Shutting down hot water boilers: France saves a lot of electricity

For six weeks now, the boilers of 4.3 million customers in France have not been able to heat hot water between 12:00 and 14:00. The controversial measure is extremely effective.

Thermal image of a woman taking a shower: The water in the boiler stays warm long enough for a hot shower even when it is turned off.

Marius Schwarz / imago


In France, an energy-saving uproar has been sparked by the announcement that hot-water boilers will be switched off in millions of homes when electricity consumption is high. The measure has now turned out to be a great success, according to the electricity network operator Enedis, according to the newspaper “Le Parisien”.

For a month and a half, the boilers of 4.3 million mostly private customers do not heat hot water between 12:00 and 14:00. According to Enedis, this would save 2.4 gigawatts of power, which is equivalent to the power of two nuclear power plants or the consumption of 2.4 million people. In the crisis winter, the measure could help avoid power outages. 26 of France’s 56 nuclear plants are currently offline for maintenance and repairs, with concerns that there may not be enough power at peak times.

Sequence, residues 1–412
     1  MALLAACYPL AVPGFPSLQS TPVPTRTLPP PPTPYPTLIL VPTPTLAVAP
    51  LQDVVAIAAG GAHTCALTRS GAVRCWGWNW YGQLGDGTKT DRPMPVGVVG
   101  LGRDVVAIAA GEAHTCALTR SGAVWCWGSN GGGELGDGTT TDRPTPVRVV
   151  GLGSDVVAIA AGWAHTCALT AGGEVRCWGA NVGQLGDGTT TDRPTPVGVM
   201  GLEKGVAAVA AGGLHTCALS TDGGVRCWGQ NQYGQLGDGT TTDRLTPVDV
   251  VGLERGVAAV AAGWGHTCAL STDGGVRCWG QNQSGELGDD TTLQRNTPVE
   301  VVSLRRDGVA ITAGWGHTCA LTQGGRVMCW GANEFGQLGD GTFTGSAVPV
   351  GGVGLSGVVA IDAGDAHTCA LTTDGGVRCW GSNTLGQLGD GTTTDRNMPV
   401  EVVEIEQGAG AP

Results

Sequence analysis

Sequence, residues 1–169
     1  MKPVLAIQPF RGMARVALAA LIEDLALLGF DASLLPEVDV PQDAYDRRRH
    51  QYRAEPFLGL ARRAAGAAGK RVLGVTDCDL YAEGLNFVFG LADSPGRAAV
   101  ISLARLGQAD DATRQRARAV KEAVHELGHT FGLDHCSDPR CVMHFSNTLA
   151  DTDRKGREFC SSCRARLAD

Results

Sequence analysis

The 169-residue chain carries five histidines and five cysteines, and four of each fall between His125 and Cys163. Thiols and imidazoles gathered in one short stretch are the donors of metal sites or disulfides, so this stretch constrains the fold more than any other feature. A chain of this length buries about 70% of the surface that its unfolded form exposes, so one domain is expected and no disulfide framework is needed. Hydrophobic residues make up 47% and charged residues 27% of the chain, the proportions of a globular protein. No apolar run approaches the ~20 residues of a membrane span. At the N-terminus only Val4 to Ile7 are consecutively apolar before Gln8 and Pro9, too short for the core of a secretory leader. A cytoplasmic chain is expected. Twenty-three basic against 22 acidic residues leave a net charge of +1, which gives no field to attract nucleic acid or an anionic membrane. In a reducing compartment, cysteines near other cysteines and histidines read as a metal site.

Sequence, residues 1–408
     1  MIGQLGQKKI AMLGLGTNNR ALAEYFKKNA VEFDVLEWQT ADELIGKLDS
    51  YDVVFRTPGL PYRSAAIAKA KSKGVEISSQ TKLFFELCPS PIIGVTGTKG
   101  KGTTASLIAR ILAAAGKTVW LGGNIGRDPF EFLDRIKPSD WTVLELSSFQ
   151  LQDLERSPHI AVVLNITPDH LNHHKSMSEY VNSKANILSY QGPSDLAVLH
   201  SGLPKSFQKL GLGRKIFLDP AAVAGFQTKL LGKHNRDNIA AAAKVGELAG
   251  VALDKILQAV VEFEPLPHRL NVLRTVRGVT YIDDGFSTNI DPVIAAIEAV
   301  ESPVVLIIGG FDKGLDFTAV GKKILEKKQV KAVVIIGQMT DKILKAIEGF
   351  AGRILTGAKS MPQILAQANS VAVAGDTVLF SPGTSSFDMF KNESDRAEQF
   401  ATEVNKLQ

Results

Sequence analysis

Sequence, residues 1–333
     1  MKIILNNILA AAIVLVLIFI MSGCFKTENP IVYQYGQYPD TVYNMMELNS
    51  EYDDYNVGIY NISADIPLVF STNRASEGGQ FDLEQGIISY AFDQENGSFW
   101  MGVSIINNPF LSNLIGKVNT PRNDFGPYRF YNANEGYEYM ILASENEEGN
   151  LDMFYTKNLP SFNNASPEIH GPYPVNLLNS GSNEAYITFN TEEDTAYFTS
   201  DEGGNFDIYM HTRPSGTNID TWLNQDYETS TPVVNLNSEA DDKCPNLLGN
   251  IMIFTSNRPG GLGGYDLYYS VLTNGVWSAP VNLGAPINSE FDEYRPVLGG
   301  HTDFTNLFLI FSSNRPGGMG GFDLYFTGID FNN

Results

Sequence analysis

The savings measure affects anyone who already had an automatic electricity meter, known as “Lines”, installed and has an electricity contract with different tariffs for off-peak and peak times. It is then not possible to produce hot water between 12:00 and 14:00. However, since there is a large supply of hot water in the boiler, it usually does not mean that there will be no hot water at that time. However, the boiler heats new water only the following night, when energy consumption is low. The measure should last until mid-April.

The “Linky” electricity meter not only transmits consumption data, but can remotely receive a command so that the hot water tank does not heat up at certain times. So far, there have been few complaints since the measure began, Enedis said.

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